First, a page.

Now every Association and every School Rep must go all out to get the biggest possible turnout for the national strike.
The NASUWT and, regrettably, now UCAC in Wales too, may have pulled back from action. However, nothing of any real significance has yet been gained from the 'talks about policy implementation'. If it is only the NUT that is prepared to stand firm for now, then so be it.
We have a responsibility to take the action needed to force politicians to change course. We must reverse the damage that has been done to teachers' pay, pensions and working conditions. In doing so, we will be defending education too.
Other unions may justify their inaction by claiming that Michael Gove has agreed to ‘serious negotiations’. Regrettably, the only thing that Gove is really serious about is attacking teachers and education.
Michael Gove represents a Government that is determined to cut costs, privatise services and encourage a precarious weakly-unionised workforce that will dutifully do the bidding of hard-nosed managers until they can take no more and resign. He isn’t interested in the fact that such a regime also damages education.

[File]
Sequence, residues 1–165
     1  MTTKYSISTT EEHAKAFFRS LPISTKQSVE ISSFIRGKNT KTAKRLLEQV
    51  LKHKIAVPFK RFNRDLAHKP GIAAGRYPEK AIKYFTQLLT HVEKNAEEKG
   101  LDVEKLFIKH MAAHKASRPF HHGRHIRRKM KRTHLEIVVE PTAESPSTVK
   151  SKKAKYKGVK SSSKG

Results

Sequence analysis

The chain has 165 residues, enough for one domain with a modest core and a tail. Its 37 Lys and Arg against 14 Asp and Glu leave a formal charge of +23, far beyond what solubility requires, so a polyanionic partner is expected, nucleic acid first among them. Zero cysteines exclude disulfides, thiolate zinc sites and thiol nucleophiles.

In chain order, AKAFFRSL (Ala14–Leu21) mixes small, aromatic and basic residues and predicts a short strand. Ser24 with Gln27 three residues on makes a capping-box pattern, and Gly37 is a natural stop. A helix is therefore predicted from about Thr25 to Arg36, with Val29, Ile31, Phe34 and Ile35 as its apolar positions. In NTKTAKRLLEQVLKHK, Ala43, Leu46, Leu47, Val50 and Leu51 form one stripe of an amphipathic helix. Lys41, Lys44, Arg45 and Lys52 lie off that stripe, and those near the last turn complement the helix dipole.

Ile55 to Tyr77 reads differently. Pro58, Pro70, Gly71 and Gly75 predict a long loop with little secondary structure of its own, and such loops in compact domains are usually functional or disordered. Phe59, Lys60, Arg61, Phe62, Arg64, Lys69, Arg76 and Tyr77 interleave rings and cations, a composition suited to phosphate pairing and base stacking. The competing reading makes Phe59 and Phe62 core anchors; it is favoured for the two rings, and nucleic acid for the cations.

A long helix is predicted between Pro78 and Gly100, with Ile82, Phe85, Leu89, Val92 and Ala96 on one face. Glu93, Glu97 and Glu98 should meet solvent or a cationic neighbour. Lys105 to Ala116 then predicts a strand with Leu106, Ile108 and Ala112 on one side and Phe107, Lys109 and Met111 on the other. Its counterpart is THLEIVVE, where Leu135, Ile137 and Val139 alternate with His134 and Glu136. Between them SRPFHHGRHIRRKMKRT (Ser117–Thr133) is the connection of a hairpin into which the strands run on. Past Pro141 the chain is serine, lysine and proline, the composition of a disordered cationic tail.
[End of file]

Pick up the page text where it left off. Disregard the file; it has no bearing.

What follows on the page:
The Secretary of State has always said that he is prepared to talk to teaching unions. However, he has also always made clear that any talks could only be about 'implementation' of his policies to cut our pay and pensions and to deregulate our working conditions.
So, yes, talks with civil servants are taking place - but within the parameters set by Michael Gove. So, while the NUT is seeking to make the most from those talks, that limited agenda just isn't good enough!
Negotiations within Gove's 'implementation' parameters are unlikely to yield more than minor concessions - and, even then, it will be the threat of ongoing strike action that will be largely responsible for any gains that are made.
|'Precious little conceded so far'
Teaching unions need to recognise that we will only win serious gains when we show that we are prepared to take serious action. That's why I am glad that, whatever doubts may have been harboured in some quarters, the NUT Executive rightly agreed unanimously today that our action goes ahead.
All of the indications are that the March 26 national strike will be well-supported, just as the regional strikes were last year. I hope that the strike will also generate momentum for further action to be called next term, so that March 26 is not left as just another isolated ‘protest strike’.
There is no room for hesitation over the next fortnight. Let's go all out to build the strongest possible national action on March 26.